By Steve Dreyer
Poway Road of Cars dealers will likely get some, but perhaps not all of the changes they are seeking to the city’s sign ordinance.
Meeting Tuesday night, council members heard mixed public comments on whether advertising banners, light pole banners, pennants and tents should be allowed without time limits along the city’s main retail road. The four council members attending the meeting (Mayor Don Higginson was absent) seemed inclined to allow the eight dealers to try out those advertising options for one year.
As to whether dealers should be allowed to use searchlights and ground-level inflatables for up to four weekends per year, the council was split.
Comments offered Tuesday night will be incorporated into
proposed changes to the sign code that will come back to the council in the near future.
In a report to the council, City Manager Penny Riley wrote that her staff had met in recent weeks with auto dealer representatives on the issue of signage.
“The auto dealers believe that City sign regulations need to be changed in order to assist the auto dealerships in promoting their special sales events and to avoid losing sales to other parts of the county...” Riley wrote. Any sign code changes would also apply to 12 other businesses that have city-approved outdoor sign displays, such as Home Depot and Wal-Mart, she said.
The current sign code permits permanent wall signs, permanent freestanding signs and certain temporary signs.
All four councilmembers acknowledged that taxes from auto sales are an important revenue stream for the city and that when dealers do well, so does the city.
Deputy Mayor John Mullin was the strongest proponent for allowing the dealers to try all options, with the exception of searchlights, which Mullin said might be OK once a year.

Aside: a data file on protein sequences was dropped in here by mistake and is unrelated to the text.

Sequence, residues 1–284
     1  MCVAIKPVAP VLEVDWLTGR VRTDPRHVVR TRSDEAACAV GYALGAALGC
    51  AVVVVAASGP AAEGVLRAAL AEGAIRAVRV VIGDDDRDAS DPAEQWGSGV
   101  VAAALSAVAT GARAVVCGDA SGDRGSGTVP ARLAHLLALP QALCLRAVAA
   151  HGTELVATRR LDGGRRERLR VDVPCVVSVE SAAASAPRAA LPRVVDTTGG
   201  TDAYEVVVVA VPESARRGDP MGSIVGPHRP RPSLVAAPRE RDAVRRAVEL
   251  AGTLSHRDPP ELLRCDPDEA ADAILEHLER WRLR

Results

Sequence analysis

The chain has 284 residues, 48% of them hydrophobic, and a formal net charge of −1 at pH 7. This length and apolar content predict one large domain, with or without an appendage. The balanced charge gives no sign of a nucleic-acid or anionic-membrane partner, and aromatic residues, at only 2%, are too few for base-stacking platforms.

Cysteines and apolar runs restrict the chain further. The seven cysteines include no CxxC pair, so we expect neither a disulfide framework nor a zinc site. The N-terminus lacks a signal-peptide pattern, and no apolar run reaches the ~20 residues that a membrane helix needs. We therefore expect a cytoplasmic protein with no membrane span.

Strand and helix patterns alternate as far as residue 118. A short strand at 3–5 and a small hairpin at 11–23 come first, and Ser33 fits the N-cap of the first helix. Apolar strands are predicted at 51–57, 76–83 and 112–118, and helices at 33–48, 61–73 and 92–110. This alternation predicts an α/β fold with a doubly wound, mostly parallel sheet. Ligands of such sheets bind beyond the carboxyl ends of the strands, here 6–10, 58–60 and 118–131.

Councilmembers Jim Cunningham and Dave Grosch said a balance needed to be struck between the needs of the dealers and those of residents living in the area.
Councilman Steve Vaus appeared a bit more skeptical of the perceived benefits of relaxing the sign standards. With several auto dealers in the audience, he asked for evidence that banners, flags and other displays result in increased car sales.
“I never bought a car based on an inflatable,” Vaus said.
Similar sentiments were voiced during the public comment period by resident Nick Stavros, who called the increased use of the requested marketing items “so last century.” Poway dealers should spend more effort increasing their Internet and social medial presence, he said.
Jerry Richardson, who has been selling cars in Poway for over 40 years, said signs, banners, tents and inflatables do work. Current city sign laws “handcuff” Poway dealers, putting them at a competitive disadvantage, he said.
Vince Castro, who this weekend is opening his new Toyota of Poway showroom, said he’d list banners and pole signs at the top of his list of desired changes.
Dealers found support in comments by Old Poway Village retail center owner Kevin McNamara and Poway Chamber of Commerce President and CEO Dolores Canizales.
“Let them try,” McNamara said, “You can always pull it back after a year.”